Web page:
Wednesdays in Product

How we bring our product team together to share what’s going on

23 January, 2024· min read

by Daniel Haas, Meredith Blumenstock, and Adam Marcus

Keeping a distributed product team up to date

The product managers, designers, and engineers on our distributed product team generally work on specific projects with a small number of teammates. While good for productivity and helping our team focus, some team members collaborate less frequently and don’t have a full understanding of what other teammates are working on or thinking about. Our small, focused collaborations also mean that team members don't have an opportunity to strengthen their broader communication and presentation skills on a regular basis. Wednesdays in Product, a monthly meeting of our entire product team, is our attempt to address these needs.

We started our Wednesdays in Product (WIP) meeting series in 2019 with the following goals:

  • Increase team member awareness of current and upcoming product efforts.
  • Provide an opportunity to dive into details that we don’t have time to share in our weekly 30-minute company-wide kickoffs.
  • Support team members at all levels of seniority with a safe environment in which to develop presentation skills by removing time and audience pressure from presenters and encouraging lively discussion and light feedback.
  • Celebrate sharing ideas and projects in their early stages: the meeting’s acronym also stands for work-in-progress for this reason.

In the spirit of openness, teammates from other teams, including Marketing, Customer Success, and Sales, are also welcome to pop in for specific presentations of interest.

What our Wednesdays in Product look like

To accomplish these goals, WIP meetings have the following format:

  • We generally meet one Wednesday per month for one hour during a slot that offers as much overlap as possible for our distributed team.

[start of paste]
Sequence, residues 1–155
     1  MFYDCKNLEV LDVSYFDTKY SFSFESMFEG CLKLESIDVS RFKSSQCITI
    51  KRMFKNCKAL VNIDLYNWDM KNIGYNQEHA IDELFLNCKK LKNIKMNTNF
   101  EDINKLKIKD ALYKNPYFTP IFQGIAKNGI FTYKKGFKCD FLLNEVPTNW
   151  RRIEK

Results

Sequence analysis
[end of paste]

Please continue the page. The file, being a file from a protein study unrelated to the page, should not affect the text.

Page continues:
• In the first 5-10 minutes, we ask team leads to give high-level summaries of what their team has recently shipped and what is coming down the pipeline. This offers more experienced presenters practice in communicating concisely, and provides listeners with the opportunity to celebrate their peers’ accomplishments while gaining insight into the product roadmap.
  • We then hear 1-2 presentations from presenters nominated by their teams. These presenters and topics are planned in advance to ensure we never have an empty agenda. Since we’re excited about breadth, anyone is able to propose a topic, and we’ve even invited speakers from other teams to present on a topic of general interest to the team (e.g., our CFO recently presented an analysis of our acquisition funnel). 
  • Each 10-15-minute presentation is followed by 5-10 minutes of questions and discussion.
  • By design, we introduce applause and cheering at every conceivable point. We collectively thank the speaker for their time before questions/discussions, and do so again afterward.
  • We’re not afraid to end early if there’s time left over in the hour.

Wednesdays in Product have naturally changed with time, by way of feedback and intuition. Since no two teams are the same and no organization stays the same with time, we doubt the specific format we’ve outlined will work at every company: if you introduce WIP meetings to your organization, make them your own!

A screenshot from B12 engineer Tim Isakzhanov's recent presentation on updates he made to a dashboard.

A screenshot from B12 engineer Tim Isakzhanov's recent presentation on updates he made to a dashboard.

What we've learned so far

In the more-than-four years we’ve been running WIP at B12, the meeting has evolved in response to feedback we’ve received directly and solicited via anonymous surveys. Here are a few of the lessons we’ve learned about making the experience valuable for presenters and their audience alike: